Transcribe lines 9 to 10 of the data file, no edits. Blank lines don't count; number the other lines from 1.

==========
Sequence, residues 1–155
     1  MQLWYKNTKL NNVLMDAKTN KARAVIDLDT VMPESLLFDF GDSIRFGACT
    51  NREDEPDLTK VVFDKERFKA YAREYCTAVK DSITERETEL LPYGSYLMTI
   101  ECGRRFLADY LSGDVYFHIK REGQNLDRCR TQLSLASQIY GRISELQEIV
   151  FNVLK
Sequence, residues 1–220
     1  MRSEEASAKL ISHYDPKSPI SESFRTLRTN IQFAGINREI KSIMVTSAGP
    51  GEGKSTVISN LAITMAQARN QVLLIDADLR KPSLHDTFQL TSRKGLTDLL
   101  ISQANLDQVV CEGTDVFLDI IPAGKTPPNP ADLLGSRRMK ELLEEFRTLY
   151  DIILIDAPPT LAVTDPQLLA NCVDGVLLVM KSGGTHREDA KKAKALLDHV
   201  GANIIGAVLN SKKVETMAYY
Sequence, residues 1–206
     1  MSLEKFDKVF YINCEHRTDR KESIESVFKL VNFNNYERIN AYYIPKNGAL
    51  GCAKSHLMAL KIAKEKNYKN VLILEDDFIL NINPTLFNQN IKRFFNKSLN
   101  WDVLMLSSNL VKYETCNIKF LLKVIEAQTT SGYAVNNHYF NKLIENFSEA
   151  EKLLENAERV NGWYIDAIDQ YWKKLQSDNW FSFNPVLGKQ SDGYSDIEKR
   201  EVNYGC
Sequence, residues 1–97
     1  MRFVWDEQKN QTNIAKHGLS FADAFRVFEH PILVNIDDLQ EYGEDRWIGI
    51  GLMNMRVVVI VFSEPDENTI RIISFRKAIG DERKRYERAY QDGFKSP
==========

   101  ISQANLDQVV CEGTDVFLDI IPAGKTPPNP ADLLGSRRMK ELLEEFRTLY
   151  DIILIDAPPT LAVTDPQLLA NCVDGVLLVM KSGGTHREDA KKAKALLDHV